Puzzle games have always had a special place in my heart because of how different each one can be. Even though many are similar (or are even truly the same), it’s not that hard to find a puzzle game that plays differently than any you’ve played before. Oddly enough, right before I got this game, I was starting to think that I needed a fresh and new puzzle game. Sure enough, Tumblestone delivers this ‘new’ feeling with every ten to fifteen levels. In this indie puzzle game, you’re tasked with matching triplets of colored blocks called Tumblestones. This is made into a much more daunting task when the game starts adding shot blockers, toggling blockers, wildcards, color locks, or any combination (up to two at a time) of several other modifiers. Simply put, Tumblestone is a game with simple premise that is made much, much more difficult by ever changing rules.
Even after putting several hours into the game, I still enjoy seeing the goofy, super colorful art style this game offers. Everything from the characters and Tumblestones to the backgrounds and dialogue are all bright, bouncy, and lighthearted. This is all very nice since the player will more than likely get rather frustrated with a few of the more obnoxious puzzles. Coupled with this is some sounds and music that are very fitting but suffer from two major issues. First, both the sound and music get rather repetitive rather quickly. The second issue is that, for whatever reason, the music kept cutting out mid-puzzle while I play. This was more than likely just a bug, but it was extremely distracting and left the game feeling a little strange when the music stopped playing. I ‘solved’ the music issue by playing my own music while leaving the goofy sound effects on.
Now, even though it has the weird music glitch, I would like to say that I adore this game as a whole. There are a few modes that you can choose from. These include story, local multiplayer, online multiplayer which are all playable when you first start up the game (Note: There are other modes available, but they are only available as DLC so I will be writing a mini-review at the bottom for these modes). In fact, there is an option hidden away in the settings called ‘party mode’. This option takes away the players ability to play online, earn XP, complete quests, or unlock achievements but gives the player access to all characters and modifiers. This allows players to play local multiplayer with any character and crazy combination of modifiers that they want. I think this option is great if you don’t want to get through the games massive amount of levels just to unlock some characters and modifiers.
Speaking of levels, there are 12 worlds and (I’m assuming) 30 levels in each world. I’m not sure if every world has 30, but I know the first 4 worlds follow this rule. Either way, that’s a lot of puzzles to play through, so it should keep you busy for quite a while! If you can’t find enough puzzles in the story mode, you can always play one of the multiplayer modes where you can play one of three game modes against up to three opponents (player or AI). These game modes are Puzzle Race (a mode where you try to complete one puzzle before any other opponent), Battle (a mode where your matches put more lines of Tumblestones on one of your opponents boards), and Tug of War (a mode where each player tries to complete many mini-puzzles while adding more puzzles to their opponents with each completion). These three game modes will last any puzzle lover a long time as the puzzles are always different, except Tug of War because the puzzles are only 3 lines long and become fairly simple rather quickly.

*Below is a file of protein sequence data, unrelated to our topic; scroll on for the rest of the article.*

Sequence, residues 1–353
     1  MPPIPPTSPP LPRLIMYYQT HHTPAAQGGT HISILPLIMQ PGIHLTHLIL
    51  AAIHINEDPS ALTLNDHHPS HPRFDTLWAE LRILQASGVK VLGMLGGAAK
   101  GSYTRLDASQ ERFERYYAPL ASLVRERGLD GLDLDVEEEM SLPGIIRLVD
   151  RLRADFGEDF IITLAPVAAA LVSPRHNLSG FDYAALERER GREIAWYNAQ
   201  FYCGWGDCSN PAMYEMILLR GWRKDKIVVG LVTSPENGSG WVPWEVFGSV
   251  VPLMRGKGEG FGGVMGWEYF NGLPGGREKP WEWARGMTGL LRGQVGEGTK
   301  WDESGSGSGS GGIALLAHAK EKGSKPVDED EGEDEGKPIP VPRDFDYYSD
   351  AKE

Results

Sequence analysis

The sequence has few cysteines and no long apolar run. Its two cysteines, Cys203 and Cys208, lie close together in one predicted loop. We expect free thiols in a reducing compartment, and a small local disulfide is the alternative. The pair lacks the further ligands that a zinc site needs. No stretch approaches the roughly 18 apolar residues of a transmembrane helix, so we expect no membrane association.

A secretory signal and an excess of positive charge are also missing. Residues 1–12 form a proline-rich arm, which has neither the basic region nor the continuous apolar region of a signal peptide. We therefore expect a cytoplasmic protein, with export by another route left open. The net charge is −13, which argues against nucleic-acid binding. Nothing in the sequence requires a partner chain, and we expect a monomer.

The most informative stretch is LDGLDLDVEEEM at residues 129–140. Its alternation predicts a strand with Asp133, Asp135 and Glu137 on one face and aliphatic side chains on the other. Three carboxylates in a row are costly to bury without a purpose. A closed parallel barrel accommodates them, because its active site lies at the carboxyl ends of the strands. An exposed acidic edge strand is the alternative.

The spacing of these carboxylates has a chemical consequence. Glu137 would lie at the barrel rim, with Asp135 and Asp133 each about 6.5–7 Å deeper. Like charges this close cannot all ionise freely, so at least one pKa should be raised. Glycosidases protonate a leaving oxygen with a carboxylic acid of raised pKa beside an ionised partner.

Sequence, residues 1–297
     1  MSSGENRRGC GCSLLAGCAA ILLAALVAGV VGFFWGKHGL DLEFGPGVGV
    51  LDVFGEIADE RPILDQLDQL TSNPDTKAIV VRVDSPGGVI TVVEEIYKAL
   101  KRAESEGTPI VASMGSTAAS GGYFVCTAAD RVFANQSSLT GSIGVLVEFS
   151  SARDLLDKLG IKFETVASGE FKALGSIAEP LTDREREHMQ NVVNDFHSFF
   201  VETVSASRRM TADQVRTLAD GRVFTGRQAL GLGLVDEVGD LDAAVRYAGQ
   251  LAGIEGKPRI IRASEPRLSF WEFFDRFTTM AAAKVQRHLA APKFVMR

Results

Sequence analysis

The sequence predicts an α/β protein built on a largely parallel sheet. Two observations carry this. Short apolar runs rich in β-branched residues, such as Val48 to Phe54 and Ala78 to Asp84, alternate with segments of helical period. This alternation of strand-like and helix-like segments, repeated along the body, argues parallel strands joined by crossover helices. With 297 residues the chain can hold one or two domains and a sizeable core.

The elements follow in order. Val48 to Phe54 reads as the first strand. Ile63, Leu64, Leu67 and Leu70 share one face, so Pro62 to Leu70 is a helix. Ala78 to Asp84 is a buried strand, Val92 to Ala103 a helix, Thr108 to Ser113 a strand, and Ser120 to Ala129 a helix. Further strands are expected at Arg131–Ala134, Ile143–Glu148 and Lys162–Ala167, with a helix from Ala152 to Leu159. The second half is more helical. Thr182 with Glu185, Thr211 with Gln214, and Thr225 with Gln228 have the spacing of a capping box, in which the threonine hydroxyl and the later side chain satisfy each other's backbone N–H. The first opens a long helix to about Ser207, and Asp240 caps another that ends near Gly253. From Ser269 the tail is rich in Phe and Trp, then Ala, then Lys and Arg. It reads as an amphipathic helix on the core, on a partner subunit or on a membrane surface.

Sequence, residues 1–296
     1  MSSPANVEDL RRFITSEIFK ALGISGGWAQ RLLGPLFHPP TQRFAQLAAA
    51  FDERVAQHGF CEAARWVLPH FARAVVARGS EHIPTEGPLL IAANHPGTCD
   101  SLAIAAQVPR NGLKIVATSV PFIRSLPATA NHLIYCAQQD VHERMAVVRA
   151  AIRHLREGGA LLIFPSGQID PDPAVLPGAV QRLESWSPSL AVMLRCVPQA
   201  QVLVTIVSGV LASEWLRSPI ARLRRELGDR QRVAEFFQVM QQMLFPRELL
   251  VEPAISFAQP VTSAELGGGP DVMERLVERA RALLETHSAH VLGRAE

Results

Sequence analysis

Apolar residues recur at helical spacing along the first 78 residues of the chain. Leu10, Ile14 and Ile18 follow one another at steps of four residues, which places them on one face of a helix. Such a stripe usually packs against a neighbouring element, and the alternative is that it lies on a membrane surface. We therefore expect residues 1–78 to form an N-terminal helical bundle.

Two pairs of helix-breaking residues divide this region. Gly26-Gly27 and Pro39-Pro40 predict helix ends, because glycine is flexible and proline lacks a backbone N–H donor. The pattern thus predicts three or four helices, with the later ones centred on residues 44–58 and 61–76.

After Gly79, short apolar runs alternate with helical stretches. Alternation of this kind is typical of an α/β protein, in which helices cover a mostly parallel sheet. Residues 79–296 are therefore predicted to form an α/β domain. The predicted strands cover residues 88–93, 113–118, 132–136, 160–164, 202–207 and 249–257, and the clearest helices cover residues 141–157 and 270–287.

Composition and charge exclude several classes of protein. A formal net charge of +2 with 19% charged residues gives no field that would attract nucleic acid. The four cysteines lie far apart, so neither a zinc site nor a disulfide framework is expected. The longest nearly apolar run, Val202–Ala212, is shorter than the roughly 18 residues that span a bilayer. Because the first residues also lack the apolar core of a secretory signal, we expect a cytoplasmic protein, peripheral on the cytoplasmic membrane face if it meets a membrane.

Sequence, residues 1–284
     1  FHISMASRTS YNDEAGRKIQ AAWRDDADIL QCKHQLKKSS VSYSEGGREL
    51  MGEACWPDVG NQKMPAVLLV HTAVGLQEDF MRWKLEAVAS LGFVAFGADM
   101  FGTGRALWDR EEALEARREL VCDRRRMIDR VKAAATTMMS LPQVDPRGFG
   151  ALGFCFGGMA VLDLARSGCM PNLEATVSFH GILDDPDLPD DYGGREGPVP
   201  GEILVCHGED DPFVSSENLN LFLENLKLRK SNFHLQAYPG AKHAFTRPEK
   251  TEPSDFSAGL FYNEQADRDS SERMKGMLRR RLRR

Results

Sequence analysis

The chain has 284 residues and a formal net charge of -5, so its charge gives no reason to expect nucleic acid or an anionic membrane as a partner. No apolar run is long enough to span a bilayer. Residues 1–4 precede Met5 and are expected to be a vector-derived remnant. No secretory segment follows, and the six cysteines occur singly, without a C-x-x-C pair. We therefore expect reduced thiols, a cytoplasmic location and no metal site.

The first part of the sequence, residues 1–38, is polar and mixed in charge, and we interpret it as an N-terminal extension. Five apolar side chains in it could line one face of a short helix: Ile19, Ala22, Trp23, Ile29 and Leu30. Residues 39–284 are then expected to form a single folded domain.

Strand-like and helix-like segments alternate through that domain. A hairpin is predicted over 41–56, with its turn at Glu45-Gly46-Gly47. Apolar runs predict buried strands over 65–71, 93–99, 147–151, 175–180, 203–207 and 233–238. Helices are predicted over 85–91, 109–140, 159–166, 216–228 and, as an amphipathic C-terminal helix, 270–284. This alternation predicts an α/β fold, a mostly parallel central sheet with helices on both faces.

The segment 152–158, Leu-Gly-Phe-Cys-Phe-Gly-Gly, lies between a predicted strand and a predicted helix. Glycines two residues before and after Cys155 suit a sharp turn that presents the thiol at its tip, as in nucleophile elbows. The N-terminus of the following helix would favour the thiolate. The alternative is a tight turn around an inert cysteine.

The Arcade DLC (available separately for £3.99) was bundled with my copy of Tumblestone, this DLC includes three new game modes called Marathon (make as many triplets as you can without making a mistake), Heartbeat (make triplets fast enough to keep up with the lowering board), and Infinipuzzle (make as many triplets as you can in this never ending board). These game modes are quite fun but can only be played solo and I personally didn’t care to play them many times through as all these game modes offer is high scores and a few difficult-to-get achievements.
Overall, Tumblestone manages to deliver a unique puzzle experience while keeping you on your toes as the game changes slightly with every new modifier. There is a slight issue with difficulty consistency, but that may just be me getting used to the new rules forced upon me. The multiplayer works great and is massive fun with friends that don’t get too competitive. All in all, the game is simply a great puzzle game. Tumblestone is seriously one of the best puzzle games I’ve played in a long time.
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